It’s Friday 13th! Here Are Some Common Superstitions, Are You Superstitious? [POLL]
Are you superstitious? I didn’t realize that I’m kinda superstitious. Actually more then I thought! Here are some common superstitions and their origins!
I’m so guilty of Knocking on wood but I never knew where the superstition came from! According to Live Science and Match.com:
Knock on wood
The fixation on wood may come from old myths about good spirits in trees or from an association with the Christian cross. Similar phrases abound in multiple languages, suggesting that the desire not to upset a spiteful universe is very common.
Cross your fingers
Those wishing for luck will often cross one finger over another, a gesture that’s said to date back to early Christianity. The story goes that two people used to cross index fingers when making a wish, a symbol of support from a friend to the person making the wish. (Anything associated with the shape of the Christian cross was thought to be good luck.) The tradition gradually became something people could do on their own; these days, just saying “fingers crossed” is enough to get the message, well, across.
Throwing a coin into a well to make a wish.
Since wells are a source of water, they symbolized fruitfulness. So if a woman stood by a well and made a wish, it was supposed to come true. And back then she usually wished for a husband and children.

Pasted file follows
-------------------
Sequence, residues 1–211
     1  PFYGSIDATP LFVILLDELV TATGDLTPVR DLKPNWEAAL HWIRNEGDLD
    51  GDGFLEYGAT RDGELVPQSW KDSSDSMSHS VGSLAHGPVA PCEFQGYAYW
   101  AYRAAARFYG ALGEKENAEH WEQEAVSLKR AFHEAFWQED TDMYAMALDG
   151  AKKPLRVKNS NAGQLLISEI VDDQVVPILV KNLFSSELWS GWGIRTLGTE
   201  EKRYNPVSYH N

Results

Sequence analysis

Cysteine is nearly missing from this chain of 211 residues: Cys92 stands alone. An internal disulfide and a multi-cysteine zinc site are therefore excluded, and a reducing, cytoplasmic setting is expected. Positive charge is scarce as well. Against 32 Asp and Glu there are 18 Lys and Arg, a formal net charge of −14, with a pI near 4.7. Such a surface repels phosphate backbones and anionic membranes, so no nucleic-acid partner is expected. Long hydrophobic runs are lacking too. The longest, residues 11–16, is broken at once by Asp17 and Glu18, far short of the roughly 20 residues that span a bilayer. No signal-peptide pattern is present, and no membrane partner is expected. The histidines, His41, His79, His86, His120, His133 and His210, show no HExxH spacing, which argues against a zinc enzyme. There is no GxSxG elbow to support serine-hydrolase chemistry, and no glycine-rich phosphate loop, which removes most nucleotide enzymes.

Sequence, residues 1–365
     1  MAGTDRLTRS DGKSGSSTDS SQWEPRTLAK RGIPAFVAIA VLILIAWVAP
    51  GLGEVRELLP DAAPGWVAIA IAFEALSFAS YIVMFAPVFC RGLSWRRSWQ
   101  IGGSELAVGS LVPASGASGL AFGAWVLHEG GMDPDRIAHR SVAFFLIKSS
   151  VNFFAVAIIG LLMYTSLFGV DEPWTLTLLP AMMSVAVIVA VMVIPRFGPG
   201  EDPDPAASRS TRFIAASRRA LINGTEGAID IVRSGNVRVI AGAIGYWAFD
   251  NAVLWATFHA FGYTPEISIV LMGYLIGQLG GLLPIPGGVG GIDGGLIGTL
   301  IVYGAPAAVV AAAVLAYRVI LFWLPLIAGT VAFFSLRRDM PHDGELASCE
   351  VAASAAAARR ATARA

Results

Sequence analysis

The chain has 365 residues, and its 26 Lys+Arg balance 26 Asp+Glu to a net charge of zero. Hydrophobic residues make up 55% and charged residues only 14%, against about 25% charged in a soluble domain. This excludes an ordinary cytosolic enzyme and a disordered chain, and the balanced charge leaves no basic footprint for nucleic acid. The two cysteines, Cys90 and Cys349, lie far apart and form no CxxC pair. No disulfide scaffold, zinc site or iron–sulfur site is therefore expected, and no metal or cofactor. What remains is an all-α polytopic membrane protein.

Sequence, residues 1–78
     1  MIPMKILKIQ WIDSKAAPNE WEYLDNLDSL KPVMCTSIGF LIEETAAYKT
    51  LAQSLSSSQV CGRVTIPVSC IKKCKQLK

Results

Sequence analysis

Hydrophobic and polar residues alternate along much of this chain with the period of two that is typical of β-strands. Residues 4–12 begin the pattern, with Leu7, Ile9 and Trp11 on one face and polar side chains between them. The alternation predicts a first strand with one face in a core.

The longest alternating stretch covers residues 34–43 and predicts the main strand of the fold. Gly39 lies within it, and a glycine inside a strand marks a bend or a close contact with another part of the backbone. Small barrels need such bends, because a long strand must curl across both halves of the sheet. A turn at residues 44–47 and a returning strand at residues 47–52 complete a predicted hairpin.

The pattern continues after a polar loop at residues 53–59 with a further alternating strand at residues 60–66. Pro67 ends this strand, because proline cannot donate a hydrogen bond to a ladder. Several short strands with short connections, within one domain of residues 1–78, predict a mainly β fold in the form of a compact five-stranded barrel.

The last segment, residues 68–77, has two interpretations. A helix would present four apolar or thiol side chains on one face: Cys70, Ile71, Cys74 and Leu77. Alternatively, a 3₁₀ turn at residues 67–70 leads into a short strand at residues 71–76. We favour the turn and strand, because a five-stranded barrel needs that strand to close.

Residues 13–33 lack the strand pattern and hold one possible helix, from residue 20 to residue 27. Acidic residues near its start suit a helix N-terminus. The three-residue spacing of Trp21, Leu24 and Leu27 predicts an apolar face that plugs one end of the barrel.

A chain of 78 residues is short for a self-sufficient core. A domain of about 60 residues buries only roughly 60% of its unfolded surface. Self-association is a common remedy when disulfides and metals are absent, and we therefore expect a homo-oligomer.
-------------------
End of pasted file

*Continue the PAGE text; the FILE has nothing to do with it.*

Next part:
Kissing under the mistletoe
It’s thought to have originated at ancient Greek festivals, as a way to ward off evil and welcome love into people’s homes.
Throwing rice at the bride and groom.
It comes from ancient Hebrew and Egyptian cultures, and is a symbol of fertility and good fortune.
Careful with that mirror
According to folklore, breaking a mirror is a surefire way to doom yourself to seven years of bad luck. The superstition seems to arise from the belief that mirrors don’t just reflect your image; they hold bits of your soul. That belief led people in the old days of the American South to cover mirrors in a house when someone died, lest their soul be trapped inside.